Stoves, damned stoves and statistics: how to choose…
As with any commercial product, wood-burning stoves exist in a blizzard of competing statistics which can be deployed by the unscrupulous to bamboozle the unwitting.
When it comes to stoves, the metric that the measurers have primarily attempted to capture is efficiency, but between wood, stove and chimney, efficiency proves to be a mercurial, slippery beast, with a sting in its tail for the unwary.
While some stoves (no names mentioned) are simply functionally and ecologically catastrophic, many others, which populate websites up and down the virtual high street, are designed specifically with efficiency targets in mind, which is to say, to achieve a high efficiency over a narrow peak of output. If you plan to stoke your stove once every ten minutes, using kiln-dried wood chopped to European regulation dimensions, preferably with a dead-straight flue and a fan sucking air at a constant rate into the combustion chamber, then these types of stoves are just right for you.
However, if you are not an automaton, if you prefer to buy wood green or just unfinished, if you chop, season or simply store it yourself, and if you like to put your feet up during extended stoking intervals (and read the paper/do the gardening/ cook the roast), then you might prefer to consider a stove that is designed for usability and permanence, which can tolerate large hunks of wood that are seasoned in a damp maritime climate, and can function happily with a chimney with more kinks than a corkscrew.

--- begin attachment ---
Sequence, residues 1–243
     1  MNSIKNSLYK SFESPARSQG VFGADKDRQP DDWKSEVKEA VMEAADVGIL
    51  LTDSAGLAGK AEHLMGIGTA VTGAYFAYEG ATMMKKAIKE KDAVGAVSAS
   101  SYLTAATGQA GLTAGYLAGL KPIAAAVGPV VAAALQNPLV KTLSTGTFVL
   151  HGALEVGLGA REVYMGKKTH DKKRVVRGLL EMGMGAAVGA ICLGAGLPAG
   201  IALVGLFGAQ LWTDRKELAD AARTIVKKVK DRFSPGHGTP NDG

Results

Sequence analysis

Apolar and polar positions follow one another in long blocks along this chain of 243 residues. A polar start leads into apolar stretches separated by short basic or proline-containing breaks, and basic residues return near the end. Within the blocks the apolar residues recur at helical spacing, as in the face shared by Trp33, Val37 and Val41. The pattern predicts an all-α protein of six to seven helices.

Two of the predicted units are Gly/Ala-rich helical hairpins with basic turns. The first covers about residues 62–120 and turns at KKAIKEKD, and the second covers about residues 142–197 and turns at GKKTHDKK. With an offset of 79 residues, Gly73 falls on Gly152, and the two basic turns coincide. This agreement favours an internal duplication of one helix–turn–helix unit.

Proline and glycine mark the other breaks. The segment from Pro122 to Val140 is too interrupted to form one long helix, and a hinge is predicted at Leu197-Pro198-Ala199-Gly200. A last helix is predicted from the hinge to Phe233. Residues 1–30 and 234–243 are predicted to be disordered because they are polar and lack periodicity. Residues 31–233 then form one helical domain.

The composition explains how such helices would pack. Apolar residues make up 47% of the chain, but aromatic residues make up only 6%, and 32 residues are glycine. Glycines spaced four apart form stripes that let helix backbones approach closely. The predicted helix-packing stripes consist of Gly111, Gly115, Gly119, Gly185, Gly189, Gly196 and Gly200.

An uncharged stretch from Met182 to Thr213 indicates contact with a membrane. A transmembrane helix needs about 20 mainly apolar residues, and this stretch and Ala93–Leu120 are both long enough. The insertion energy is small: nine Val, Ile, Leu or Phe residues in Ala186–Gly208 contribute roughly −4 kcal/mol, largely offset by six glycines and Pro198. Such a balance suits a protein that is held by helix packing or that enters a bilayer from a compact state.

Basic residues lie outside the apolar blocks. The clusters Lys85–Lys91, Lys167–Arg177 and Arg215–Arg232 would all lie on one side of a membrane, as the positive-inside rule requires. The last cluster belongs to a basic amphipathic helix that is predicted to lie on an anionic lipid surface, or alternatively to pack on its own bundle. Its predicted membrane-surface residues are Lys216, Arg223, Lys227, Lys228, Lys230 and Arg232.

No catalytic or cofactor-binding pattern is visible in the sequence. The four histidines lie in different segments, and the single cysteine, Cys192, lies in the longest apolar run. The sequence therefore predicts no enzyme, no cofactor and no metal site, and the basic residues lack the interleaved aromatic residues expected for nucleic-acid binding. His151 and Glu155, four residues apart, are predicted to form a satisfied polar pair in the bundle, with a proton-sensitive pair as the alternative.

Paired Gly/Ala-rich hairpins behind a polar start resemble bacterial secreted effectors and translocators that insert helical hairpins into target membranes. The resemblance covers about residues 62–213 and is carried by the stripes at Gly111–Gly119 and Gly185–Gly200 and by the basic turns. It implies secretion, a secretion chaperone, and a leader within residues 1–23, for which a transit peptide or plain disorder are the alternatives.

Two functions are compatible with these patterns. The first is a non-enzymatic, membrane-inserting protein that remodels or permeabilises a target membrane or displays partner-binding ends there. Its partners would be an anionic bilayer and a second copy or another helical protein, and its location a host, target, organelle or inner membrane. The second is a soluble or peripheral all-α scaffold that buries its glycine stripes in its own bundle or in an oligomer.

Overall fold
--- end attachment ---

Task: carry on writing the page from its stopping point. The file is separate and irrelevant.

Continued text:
The first types of stove generally ‘stay with the house, the latter stays with the family’.
Which isn’t to say you shouldn’t ever believe the statistics. Many manufacturers are justifiably very proud of the outstanding efficiencies which they have managed to achieve with their stoves, often without significantly impinging on other aspects of performance. It just pays to take the numbers with a pinch of salt.
And, of course, to talk to the experts…